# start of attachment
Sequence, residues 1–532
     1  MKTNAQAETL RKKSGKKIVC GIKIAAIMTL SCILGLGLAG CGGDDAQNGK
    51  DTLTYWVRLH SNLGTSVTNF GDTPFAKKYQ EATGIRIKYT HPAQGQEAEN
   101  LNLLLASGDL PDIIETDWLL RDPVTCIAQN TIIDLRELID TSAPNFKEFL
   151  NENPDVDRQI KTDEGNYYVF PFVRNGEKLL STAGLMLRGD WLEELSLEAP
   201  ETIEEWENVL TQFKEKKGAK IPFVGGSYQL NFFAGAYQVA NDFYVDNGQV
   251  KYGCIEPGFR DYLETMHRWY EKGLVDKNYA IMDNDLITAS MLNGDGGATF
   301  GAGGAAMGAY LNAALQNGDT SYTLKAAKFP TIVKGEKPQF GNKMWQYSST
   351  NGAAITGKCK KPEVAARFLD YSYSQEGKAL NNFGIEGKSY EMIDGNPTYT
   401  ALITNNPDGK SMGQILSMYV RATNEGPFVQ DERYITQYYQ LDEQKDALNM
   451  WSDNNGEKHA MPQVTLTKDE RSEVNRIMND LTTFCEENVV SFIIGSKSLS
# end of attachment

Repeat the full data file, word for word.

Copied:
Sequence, residues 1–532
     1  MKTNAQAETL RKKSGKKIVC GIKIAAIMTL SCILGLGLAG CGGDDAQNGK
    51  DTLTYWVRLH SNLGTSVTNF GDTPFAKKYQ EATGIRIKYT HPAQGQEAEN
   101  LNLLLASGDL PDIIETDWLL RDPVTCIAQN TIIDLRELID TSAPNFKEFL
   151  NENPDVDRQI KTDEGNYYVF PFVRNGEKLL STAGLMLRGD WLEELSLEAP
   201  ETIEEWENVL TQFKEKKGAK IPFVGGSYQL NFFAGAYQVA NDFYVDNGQV
   251  KYGCIEPGFR DYLETMHRWY EKGLVDKNYA IMDNDLITAS MLNGDGGATF
   301  GAGGAAMGAY LNAALQNGDT SYTLKAAKFP TIVKGEKPQF GNKMWQYSST
   351  NGAAITGKCK KPEVAARFLD YSYSQEGKAL NNFGIEGKSY EMIDGNPTYT
   401  ALITNNPDGK SMGQILSMYV RATNEGPFVQ DERYITQYYQ LDEQKDALNM
   451  WSDNNGEKHA MPQVTLTKDE RSEVNRIMND LTTFCEENVV SFIIGSKSLS